7 Secrets to Building a Better Relationship with Food

7 Secrets to Building a Better Relationship with Food

1. Know Your Metabolism Each person has a unique metabolism that changes throughout his or her life. Although genetics does play a role, there are a number of eating habits that can cause your metabolism to increase or decrease. It is important to establish a baseline so you know where you stand.  There are several Basal Metabolic Calculators (BMR) out there which can provide a rough idea of what your resting metabolic rate should be based on your physiology. Your resting BMR is the baseline from which to measure. For example, if you’re eating below this number, chances are you are causing your metabolism to slow down.


2. Eat Enough. Watch out for the yo-yo eating cycle. Periods of under-eating (especially dropping below your BMR) are typically followed by overeating. Many people do this each day. The cycle looks something like this: skip breakfast, maybe grab coffee, a salad for lunch, then a huge dinner at night. Another common scenario is one of weeks or months of under-eating, until ultimately losing all willpower. The cravings become unbearable, resulting in the inevitable break down. This is when the gloves come off the and overeating begins. Both of these cycles result in slowing the metabolism which encourages the body to store more body-fat. Over time, it becomes more and more difficult to lose body-fat, let alone maintain a particular weight. These abusive methods of eating can also foster an obsession with food that can dominate your consciousness. The message here is to eat consistently (intervals and amounts) throughout the day.


3. Eat everything in moderation. Many fad diets suggest that you omit certain food groups or macronutrients. Whether it’s no fat, no salt, no sugar, no carbs or some other rule, the rigidity sets you up for failure on two fronts. First, the expectation of unreasonable dietary “perfection” is a recipe for failure. Over time, willpower breaks down, and a moment of weakness can turn into hours or even days of overindulging.  I “treat” myself everyday. Whether it’s a bowl of ice cream, some french fries, or an occasional glass of wine, I have something indulgent each day and I feel fulfilled and not tempted to overindulge. The second front is the quest for perfection through total omission.  There is a lack of realization that the omission of important nutrients and healthy fats can be damaging to the body.  It’s important to have an understanding of the basics, and practice moderation.


4. Practice Consistent Meal Timing. Creating a consistent schedule for meals is more important than how many meals you eat per day. Find what works best for you and stick to it. You will notice that your body gets into a rhythm, and you will get hungry when it’s time to eat. When you find your rhythm, you won’t spend all day thinking about food and/or mindlessly snacking. Start your day with a good breakfast. Most people find that 3-5 meals per day work best. A meal should contain all 3 macronutrients (protein, carbs & fat). Understanding the correct portion sizes based on your metabolism can take a little experimenting. LINK: Check out FBF University to learn more about customizing your macronutrients. 


5. Make changes consciously. When learning to improve your nutrition and eating habits, make sure your concerns don’t start to interfere with the enjoyment of life. Many diet programs lead people to isolate themselves to avoid food, or discussions about food. It’s important to learn how to eat out, go to social events, and cook in a way that helps you both meet your goals and enrich your life. We are talking about a lifestyle anchored with healthy habits, not a “diet.” Make small changes that are reasonable and turn them into habits before introducing more small changes. Go at your own pace.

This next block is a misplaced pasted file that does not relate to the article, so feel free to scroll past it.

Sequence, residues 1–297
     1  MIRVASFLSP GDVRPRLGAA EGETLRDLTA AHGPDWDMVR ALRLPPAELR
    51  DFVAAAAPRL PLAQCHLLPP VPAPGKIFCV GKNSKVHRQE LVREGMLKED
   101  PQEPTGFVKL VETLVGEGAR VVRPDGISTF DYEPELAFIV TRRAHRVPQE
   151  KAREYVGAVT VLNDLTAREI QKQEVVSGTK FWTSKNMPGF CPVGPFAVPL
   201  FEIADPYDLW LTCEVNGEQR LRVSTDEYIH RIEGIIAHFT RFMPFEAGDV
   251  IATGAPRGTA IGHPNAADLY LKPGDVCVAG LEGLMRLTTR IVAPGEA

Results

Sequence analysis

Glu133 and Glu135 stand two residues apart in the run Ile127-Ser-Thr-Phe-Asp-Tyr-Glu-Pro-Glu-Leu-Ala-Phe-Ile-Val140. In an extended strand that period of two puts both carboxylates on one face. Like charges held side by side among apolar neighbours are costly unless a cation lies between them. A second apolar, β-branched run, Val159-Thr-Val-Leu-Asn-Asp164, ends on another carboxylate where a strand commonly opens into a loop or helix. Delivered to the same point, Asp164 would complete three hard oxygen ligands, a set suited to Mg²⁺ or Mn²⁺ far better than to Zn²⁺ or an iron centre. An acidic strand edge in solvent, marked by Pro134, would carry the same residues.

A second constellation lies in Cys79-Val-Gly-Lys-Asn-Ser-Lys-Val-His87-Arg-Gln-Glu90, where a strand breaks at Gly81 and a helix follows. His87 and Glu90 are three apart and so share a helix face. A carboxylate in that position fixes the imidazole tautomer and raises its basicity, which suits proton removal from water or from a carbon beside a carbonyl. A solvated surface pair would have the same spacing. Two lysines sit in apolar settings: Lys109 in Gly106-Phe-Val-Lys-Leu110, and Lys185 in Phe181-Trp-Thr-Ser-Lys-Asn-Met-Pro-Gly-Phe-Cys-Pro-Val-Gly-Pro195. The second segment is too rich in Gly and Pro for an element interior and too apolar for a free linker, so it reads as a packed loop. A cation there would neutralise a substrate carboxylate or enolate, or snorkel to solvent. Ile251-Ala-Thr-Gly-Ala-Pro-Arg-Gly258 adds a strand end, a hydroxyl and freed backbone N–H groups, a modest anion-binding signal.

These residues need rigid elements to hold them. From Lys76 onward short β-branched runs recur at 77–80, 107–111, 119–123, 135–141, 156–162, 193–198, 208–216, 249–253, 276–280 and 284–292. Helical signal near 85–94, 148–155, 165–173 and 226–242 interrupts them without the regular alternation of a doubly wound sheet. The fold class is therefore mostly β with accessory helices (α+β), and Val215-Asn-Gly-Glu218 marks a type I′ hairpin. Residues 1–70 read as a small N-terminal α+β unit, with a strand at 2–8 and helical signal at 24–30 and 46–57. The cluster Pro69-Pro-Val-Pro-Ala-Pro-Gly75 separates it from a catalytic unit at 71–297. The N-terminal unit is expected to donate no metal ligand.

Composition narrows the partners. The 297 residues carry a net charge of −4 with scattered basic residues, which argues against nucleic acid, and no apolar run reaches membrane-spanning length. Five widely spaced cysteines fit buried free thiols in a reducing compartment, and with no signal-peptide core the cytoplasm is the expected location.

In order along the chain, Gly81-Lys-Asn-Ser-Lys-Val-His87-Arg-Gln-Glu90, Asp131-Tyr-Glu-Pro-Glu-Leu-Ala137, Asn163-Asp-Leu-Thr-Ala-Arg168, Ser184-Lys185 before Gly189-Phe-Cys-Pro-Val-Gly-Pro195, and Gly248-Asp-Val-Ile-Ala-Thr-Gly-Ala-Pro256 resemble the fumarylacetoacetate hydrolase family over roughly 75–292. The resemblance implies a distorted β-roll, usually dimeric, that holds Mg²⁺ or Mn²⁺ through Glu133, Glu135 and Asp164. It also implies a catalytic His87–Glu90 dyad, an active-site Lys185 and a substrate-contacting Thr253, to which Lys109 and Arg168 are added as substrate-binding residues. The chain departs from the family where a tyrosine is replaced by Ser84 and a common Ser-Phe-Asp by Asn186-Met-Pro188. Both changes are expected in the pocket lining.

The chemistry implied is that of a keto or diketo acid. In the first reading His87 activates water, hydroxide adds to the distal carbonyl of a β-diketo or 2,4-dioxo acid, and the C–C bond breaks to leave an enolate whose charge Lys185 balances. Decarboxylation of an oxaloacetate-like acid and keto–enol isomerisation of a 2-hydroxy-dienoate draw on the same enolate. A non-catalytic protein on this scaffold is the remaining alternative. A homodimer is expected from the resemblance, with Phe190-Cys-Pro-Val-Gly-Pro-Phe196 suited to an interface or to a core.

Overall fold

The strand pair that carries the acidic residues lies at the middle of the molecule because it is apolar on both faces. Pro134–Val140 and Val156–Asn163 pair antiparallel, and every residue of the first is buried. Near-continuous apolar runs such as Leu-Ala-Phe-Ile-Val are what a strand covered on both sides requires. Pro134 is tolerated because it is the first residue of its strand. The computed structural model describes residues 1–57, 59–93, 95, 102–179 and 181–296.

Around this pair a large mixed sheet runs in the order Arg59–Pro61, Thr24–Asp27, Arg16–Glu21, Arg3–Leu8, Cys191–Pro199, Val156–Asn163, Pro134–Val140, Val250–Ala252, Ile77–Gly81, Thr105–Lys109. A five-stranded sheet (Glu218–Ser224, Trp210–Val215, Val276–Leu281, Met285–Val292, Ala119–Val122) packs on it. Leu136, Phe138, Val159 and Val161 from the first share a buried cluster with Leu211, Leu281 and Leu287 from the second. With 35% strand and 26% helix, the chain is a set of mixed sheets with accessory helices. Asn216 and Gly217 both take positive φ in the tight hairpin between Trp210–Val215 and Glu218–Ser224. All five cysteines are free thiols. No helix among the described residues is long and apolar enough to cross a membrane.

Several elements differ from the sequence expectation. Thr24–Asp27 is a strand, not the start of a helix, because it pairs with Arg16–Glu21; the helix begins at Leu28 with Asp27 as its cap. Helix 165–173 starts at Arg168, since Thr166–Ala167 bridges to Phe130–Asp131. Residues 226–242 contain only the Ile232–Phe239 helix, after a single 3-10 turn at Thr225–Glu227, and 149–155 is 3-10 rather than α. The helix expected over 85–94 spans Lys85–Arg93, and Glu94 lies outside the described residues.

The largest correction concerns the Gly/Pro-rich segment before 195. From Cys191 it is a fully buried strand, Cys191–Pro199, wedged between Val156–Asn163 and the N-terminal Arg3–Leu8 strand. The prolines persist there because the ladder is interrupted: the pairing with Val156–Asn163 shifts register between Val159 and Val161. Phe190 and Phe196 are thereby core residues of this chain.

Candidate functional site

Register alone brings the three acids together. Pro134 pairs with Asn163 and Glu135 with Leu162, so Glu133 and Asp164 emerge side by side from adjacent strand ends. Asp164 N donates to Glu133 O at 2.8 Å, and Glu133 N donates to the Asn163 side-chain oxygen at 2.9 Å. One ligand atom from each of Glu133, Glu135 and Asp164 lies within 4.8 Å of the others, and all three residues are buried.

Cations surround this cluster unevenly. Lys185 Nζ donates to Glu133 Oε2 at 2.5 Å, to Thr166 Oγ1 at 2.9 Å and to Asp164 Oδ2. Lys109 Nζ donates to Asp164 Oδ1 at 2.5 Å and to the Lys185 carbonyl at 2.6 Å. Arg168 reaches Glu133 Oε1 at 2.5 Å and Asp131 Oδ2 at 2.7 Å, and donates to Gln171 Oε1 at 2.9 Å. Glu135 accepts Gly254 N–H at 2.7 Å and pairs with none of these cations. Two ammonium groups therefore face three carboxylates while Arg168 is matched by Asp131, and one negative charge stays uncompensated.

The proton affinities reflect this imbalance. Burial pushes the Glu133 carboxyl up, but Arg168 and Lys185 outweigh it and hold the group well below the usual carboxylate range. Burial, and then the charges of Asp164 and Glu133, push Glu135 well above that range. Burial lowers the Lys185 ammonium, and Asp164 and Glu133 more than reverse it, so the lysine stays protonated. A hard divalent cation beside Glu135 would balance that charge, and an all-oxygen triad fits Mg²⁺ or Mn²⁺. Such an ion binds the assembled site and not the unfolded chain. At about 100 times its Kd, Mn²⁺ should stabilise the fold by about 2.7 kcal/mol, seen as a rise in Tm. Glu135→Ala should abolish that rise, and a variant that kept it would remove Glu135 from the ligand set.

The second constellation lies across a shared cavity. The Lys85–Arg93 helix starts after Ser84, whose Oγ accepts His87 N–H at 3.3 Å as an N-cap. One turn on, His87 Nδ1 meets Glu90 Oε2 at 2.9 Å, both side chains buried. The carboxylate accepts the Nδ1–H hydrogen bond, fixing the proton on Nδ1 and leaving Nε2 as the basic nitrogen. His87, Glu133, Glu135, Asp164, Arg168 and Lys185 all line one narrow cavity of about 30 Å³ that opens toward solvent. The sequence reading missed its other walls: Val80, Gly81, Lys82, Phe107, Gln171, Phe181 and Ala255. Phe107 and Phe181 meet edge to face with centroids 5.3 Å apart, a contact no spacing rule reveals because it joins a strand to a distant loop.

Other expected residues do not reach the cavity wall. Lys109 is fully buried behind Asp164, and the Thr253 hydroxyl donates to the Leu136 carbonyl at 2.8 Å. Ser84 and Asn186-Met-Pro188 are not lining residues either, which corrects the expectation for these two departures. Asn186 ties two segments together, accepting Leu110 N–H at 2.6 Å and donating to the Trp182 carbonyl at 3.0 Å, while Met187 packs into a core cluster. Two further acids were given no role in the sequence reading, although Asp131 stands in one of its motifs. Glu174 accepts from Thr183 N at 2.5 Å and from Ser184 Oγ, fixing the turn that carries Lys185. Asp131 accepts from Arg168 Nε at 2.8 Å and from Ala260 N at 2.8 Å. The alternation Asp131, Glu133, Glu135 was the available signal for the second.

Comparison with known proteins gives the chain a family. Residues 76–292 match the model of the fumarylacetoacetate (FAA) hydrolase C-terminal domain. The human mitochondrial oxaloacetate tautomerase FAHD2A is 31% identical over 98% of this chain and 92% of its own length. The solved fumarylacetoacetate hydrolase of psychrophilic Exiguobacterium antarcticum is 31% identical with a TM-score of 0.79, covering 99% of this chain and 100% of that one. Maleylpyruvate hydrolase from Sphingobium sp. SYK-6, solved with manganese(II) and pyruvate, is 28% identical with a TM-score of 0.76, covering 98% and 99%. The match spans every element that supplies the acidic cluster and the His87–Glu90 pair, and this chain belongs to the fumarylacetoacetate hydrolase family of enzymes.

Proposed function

6. Trust yourself. Many people have a strong fear of losing control. That fear can turn into a self-fulfilling prophecy because it takes so much of your energy and directs it toward losing control.  While you are building your self-trust, remove trigger foods from the house and your environment when possible. Once these foods lose their power over you, this won’t be necessary. You can start to reintroduce the foods you’ve feared on occasion, when you go out to eat, or in the alternative, buy snack size portions. When you are able to work these portions back into your daily intake guilt free, then you know you have reclaimed control. I did this with my favorite treat, kettle corn. I would have the junior size bag at the movies rather than having a large bag in the pantry. Once I realized I could be satisfied with the smaller portion, having it in the house was not an issue.


7. Be kind to yourself. Food is not evil and it’s okay to enjoy it. Food shaming is a big part of our psyche and society. Replace hurtful messages you tell yourself with positive messages stemming from a place of gratitude. Instead of “I failed myself for eating that cake at the Birthday party” say, “I’m glad I got to enjoy the cake at the party, and I’m happy that I know how to eat the rest of the day to allow room for that treat.”  Make sure to have realistic expectations. Surround yourself with positive people who encourage and uplift you, and be careful to steer clear of the naysayers and sabotagers.

If you would like to know more about how to implement these suggestions into your routine, and improve your relationship with food, sign up for our FitQ 101 course and join our live webinar June 30th!

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